Here we were acknowledging that the arts and culture played a pivotal role in the struggle for national liberation in South Africa and that it should continue to mobilise society around new objectives of building an inclusive non-racial, non-sexist and equal society for all.
However, in considering these, we were not blind to the fact that contestation over power was still continuing and that there was no political formation that would act as victor since we were involved in negotiations. Negotiations by their virtue imply that there is going to be a give and take depending on the balance of forces.
In our analysis of the balance of forces, as early as 1992, we therefore noted that there will be a need for a government of national unity. By this we understood that the “balance of forces has forced onto the South African political situation a relationship between the ANC and the National Party characterized by conflict, in so far as the regime attempted to block the transition, and constructive interaction in pursuit of agreements the regime has been forced to enter to”.
This presented many challenges for the ANC when forming the first democratic government of national unity. It had to priorities which departmental governments it would assign to parties that have lost power, but had to be accommodated in the cabinet. The Ministry of Arts and Culture was one of those departments that were allocated to one of the minority parties. This meant that, in the early stages, policy formulation on the arts, culture and heritage was not under the ANC’s direct control and influence. A subject dealt with extensively below.
However, this is water under the bridge, as we look forward, and as the ANC seeks to renew itself, and by implication the renewal of society as whole. In the 4th National Policy Conference we asserted that members and leaders of the ANC at all levels have the responsibility to “safeguard and promote the core values of the ANC” in this new phase of the National Democratic Revolution (NDR). We further asserted that the renewal should take into consideration that the promotion of these values “should be undertaken within the context of the ideological struggle to cultivate progressive values among all South Africans as part of building a national democratic society”.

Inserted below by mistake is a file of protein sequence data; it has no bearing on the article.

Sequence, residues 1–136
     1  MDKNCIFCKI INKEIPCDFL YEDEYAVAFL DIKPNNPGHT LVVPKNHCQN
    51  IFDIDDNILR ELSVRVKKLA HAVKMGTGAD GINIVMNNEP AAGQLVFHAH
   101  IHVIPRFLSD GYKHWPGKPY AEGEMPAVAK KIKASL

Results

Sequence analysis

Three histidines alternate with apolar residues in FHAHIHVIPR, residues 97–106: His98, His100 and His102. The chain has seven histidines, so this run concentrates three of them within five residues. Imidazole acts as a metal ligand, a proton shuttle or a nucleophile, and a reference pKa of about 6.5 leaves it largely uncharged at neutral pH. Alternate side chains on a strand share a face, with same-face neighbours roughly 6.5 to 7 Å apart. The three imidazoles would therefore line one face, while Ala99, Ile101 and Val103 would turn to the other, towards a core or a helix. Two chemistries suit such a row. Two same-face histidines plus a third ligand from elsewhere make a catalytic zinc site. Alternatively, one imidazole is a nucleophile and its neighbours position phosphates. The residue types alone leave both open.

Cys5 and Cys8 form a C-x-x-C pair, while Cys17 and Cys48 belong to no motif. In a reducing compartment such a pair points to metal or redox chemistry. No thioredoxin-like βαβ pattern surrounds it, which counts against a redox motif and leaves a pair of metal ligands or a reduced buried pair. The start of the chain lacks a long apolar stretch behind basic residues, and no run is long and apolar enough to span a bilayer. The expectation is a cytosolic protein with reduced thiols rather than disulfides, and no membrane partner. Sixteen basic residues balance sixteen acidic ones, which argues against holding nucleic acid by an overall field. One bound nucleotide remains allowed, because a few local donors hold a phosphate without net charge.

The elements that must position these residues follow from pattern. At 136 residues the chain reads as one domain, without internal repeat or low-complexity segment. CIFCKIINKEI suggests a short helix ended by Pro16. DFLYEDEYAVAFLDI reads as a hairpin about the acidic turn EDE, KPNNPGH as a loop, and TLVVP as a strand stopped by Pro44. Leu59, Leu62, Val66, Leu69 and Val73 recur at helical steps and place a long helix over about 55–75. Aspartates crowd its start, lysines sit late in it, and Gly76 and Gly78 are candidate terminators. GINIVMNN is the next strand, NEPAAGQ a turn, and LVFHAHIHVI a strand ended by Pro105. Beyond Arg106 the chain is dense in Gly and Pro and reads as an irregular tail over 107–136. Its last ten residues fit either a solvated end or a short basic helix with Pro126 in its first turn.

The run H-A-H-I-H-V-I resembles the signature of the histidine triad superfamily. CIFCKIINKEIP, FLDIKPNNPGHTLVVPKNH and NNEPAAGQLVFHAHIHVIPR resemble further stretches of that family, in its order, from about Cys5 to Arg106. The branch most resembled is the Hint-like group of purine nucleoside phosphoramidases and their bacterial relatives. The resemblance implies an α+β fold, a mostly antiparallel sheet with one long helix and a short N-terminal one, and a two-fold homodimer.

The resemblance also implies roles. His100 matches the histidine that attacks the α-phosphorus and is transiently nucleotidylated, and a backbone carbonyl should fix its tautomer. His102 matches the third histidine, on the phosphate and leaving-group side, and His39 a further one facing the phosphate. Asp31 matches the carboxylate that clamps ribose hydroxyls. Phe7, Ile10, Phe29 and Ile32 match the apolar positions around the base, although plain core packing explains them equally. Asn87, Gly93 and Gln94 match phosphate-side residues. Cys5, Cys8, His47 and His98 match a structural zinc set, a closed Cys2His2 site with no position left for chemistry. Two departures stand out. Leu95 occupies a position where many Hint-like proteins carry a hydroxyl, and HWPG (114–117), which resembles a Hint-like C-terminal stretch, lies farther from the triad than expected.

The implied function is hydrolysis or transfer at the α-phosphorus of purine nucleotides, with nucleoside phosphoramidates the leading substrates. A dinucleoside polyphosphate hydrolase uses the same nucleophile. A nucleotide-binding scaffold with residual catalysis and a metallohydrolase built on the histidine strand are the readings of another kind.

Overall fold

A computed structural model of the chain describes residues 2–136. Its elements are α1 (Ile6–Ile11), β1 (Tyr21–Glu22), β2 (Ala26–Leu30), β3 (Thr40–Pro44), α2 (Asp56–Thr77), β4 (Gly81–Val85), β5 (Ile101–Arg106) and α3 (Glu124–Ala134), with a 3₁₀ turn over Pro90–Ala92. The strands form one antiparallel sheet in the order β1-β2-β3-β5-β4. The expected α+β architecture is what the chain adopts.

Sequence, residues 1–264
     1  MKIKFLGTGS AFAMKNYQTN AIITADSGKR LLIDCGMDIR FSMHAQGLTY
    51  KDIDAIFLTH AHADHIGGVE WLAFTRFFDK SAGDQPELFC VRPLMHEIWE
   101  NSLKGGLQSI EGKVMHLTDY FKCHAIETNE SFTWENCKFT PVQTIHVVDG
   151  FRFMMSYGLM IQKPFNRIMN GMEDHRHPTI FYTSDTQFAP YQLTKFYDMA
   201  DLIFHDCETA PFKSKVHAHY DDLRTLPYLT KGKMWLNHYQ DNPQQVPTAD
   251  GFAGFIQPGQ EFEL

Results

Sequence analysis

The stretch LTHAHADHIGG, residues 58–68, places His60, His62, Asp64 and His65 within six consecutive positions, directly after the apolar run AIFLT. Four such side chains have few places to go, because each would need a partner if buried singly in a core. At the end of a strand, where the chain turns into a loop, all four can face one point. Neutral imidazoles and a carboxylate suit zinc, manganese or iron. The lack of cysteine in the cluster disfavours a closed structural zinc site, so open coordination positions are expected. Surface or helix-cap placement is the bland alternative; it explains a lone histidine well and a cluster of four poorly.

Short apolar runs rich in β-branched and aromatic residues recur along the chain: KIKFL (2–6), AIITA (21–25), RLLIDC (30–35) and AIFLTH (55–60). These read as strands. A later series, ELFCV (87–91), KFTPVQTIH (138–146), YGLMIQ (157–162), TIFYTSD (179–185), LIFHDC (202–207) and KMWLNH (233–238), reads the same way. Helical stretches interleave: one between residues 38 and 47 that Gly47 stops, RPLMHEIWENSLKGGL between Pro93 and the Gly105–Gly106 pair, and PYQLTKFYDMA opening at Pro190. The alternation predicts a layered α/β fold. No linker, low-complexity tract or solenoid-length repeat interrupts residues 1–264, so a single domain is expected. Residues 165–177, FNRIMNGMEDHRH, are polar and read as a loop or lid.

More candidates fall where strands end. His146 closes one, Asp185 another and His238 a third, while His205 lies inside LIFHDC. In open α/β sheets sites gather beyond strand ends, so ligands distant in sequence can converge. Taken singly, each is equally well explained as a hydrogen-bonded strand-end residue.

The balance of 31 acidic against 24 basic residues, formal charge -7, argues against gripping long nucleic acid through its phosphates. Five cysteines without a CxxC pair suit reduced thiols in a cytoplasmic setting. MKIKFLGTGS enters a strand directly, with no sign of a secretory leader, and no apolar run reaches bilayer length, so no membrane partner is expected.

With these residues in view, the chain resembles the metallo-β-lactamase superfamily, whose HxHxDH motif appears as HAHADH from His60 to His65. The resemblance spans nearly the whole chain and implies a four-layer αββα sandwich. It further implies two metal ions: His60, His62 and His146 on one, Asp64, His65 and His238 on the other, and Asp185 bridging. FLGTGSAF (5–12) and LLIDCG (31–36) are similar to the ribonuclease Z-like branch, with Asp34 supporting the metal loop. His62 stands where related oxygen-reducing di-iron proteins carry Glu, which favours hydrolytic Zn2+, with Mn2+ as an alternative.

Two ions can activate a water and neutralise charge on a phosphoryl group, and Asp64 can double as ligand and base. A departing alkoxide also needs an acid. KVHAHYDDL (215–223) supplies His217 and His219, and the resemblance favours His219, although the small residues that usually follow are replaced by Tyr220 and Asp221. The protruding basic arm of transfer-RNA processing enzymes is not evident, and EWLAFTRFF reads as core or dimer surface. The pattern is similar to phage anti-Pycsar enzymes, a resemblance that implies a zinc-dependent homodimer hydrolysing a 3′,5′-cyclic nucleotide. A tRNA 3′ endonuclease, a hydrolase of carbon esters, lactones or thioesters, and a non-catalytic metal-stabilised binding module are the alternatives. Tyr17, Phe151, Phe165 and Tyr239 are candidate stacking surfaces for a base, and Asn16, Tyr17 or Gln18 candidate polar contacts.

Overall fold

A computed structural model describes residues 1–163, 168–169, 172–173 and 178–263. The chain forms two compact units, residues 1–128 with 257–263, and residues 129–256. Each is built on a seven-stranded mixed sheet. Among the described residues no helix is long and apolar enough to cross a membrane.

We are of the view that these could be achieved if we have a vibrant art, culture and heritage policy that is rooted in our communities and imbued by them. This is important in South Africa where the values and ethics of liberation struggle are under serious attack and the credibility of the ANC as leader of society is seriously challenged on all fronts by the forces that seeks to control the narrative of liberation to suit them.
By implication, these forces seek to lead the dialogue in society with the objective of undermining the historical injustices and drive the dialogue that will determine future policies. Such policies as they seek to promote are aimed at undermining the progressive policies set by the liberation movement and replace them with policies that seek to undermine the efforts towards a developmental state.
It comes as no surprise that some organisations will challenge the heritage of the liberation struggle in court and use the courts as censor officials of this heritage. On the other hand, where progressive institutions have sought to ban the symbols of apartheid like the old South African Flag, they again go to go and seek the court to give reactionary forces the freedom to hoist and promote such symbols. It is in this context that the following critique is offered and recommendations made.
This position paper is a brief overview and evaluation of the past 28 years on arts, culture and heritage within our society. We do this mindful of extensive material on this subject but choose to settle for a modest and yet important task of a critical self- introspection that is meant to highlight key areas of ANC performance, strategic importance of arts, culture and heritage in challenging dominant ideologies or hegemonic systems as well as outlining key areas of possible interventions going forward.